For those who don’t immediately recognize the terminology an ABS is an alternative business structure, approved by the Solicitors Regulation Authority, that allows lawyers to share ownership and profits with non-lawyers. Traditionally we weren't allowed to and…no, that’s another story.

Liability insurers have got excited about them because it’s seen as a way to team up with a law firm and perpetuate the relationships that were fuelled by referral fees prior to 31 March this year when the ban on bungs came into force. Many are saying it will just carry on but behind closed doors.

Shakespeares, a near-700 strong Midlands law firm with a decent reputation, has been granted ABS status. Having had the op, it’s apparently keen to get into bed with an insurer – any insurer, by the sound of it!

They’re said to be “ABS-ready and looking to team up with any insurance firm wanting to enter the legal market”.

It brings to mind instantly all those devil-worship books and films where the hapless disciple moves heaven and earth (literally, sometimes) to summon up a massively powerful and treacherous beast that slaps the dismayed devotee around for a while before devouring them.

Partner Craig Wallace is reported to have said that he’s “sure that for insurers in particular, an ABS will bring opportunities to drive efficiencies, improve processes and life-cycles and therefore reduce costs.”  


They say if you run with wolves, you’ll get bitten.

Eaten, more like.

Wednesday, 15 May 2013

Horses for courses..

So, the Co-op is opening a law school now – a “learning academy”.

This educational bombshell follows hot on the heels of the news that its banking group has been downgraded to (quote) “junk status”. Who would blame the chief executive for making a sharp exit?

Three weeks ago we saw the dramatic abandonment of plans to acquire hundreds of high street outlets from Lloyds. The Co-op blamed the failure of that deal on the continuing parlous state of the economy.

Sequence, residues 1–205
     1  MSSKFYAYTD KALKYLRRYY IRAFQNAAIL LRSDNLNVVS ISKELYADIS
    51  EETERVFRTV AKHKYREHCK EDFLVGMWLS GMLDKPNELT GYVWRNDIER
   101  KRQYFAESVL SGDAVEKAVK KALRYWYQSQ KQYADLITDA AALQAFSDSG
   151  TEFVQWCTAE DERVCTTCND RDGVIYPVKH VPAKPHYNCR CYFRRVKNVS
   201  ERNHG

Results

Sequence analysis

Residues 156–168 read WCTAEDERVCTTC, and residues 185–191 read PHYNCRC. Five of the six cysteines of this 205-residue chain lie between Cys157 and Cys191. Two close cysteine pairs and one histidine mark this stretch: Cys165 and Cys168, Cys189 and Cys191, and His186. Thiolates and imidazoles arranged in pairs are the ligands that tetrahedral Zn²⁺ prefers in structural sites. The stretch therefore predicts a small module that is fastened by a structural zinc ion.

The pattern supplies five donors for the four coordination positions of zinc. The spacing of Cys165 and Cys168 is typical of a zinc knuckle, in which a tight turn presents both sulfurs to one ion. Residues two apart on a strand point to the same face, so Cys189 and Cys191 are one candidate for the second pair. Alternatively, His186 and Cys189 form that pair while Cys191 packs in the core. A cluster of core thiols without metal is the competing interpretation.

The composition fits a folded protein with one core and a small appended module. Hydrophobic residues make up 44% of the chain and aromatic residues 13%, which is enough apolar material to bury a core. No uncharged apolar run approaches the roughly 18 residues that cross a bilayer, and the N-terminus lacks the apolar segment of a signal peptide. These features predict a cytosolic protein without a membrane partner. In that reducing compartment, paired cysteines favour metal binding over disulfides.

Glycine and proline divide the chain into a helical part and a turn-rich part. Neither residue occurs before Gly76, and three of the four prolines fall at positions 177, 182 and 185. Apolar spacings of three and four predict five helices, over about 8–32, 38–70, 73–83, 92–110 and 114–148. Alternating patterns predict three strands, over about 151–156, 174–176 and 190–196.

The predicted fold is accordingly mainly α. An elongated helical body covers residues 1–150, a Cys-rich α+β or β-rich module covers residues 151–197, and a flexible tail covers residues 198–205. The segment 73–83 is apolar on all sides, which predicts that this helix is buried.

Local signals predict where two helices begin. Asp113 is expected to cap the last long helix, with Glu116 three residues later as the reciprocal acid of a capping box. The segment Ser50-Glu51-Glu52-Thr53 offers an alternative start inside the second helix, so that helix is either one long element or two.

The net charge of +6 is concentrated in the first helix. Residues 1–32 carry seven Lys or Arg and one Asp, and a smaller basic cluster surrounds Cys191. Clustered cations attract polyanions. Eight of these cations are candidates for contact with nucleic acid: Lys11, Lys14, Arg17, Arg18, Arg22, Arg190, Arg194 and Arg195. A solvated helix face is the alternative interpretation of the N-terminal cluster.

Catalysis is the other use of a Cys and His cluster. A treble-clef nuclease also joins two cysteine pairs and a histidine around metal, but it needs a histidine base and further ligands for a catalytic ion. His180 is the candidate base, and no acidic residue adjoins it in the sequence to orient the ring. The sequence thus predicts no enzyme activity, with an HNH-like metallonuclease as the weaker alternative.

Like it was about to change? Do they truly think the Bank of England and the City enjoy telling the world that we’re in the mire long term? Or that an increasingly unpopular and feckless administration would not seize any opportunity to announce that its inept strategy is about to come good?

I don’t suppose it has anything to do with Failing Grayling’s demolition of what might have been a model that an established and historically trusted name could exploit to reasonable advantage, and profit ?

Liability insurers persuaded the Government that without referral fees of £700 or £800 lawyers didn’t need to be paid more than £500 to run “low value” cases. We all know that’s a fallacy for two reasons.

One is that £500 isn’t enough, arguably in any but a small minority of cases but certainly on average, to do a decent job. It’ll buy you a horse-burger.

The other is that there are marketing expenses even for those that sell pure beef quarter-pounders of legal service. Admittedly those costs will be far less than the outlay of the ‘lawyers’ at the bottom of the food chain who buy in all their cases because they couldn’t ever win a job on reputation or recommendation.

It was ripe for a successful retailer with a trusted brand that could cut the middle ground, be a bit but not much cheaper than the slickest good guys and almost always outperform on the marketing and customer service.

Is the truth in fact that this consummately savvy shopkeeper has concluded that it can no longer dish up a decent product at the prices set by the Cameron- ABI cartel?

Big focus is now on family services, so that we shan’t even realise that this is a quiet withdrawal from the wrecked personal injury market.

Not much being said either about employment where it will be difficult for a large organization to resolve upon a consistent policy to support – or not – meritorious claims for ordinary folk who don’t have £££ to pay the tribunal service to access justice.

Losing popular support after many years march on legal services for the masses? Remember what was and has always been the precursor to “Tesco Law”.

I don’t see Terry Leahy laying out plans for Law Express, but then he’s already demonstrated the problems of flogging a dead horse.

The Co-op has always provided, in my perception, value for money and commanded a credible slice of the markets in which it was competent to compete. Its retreat from legal services that will no longer pay when sold as a bulk commodity is commensurate with those values.

Good with food.

Horses for courses?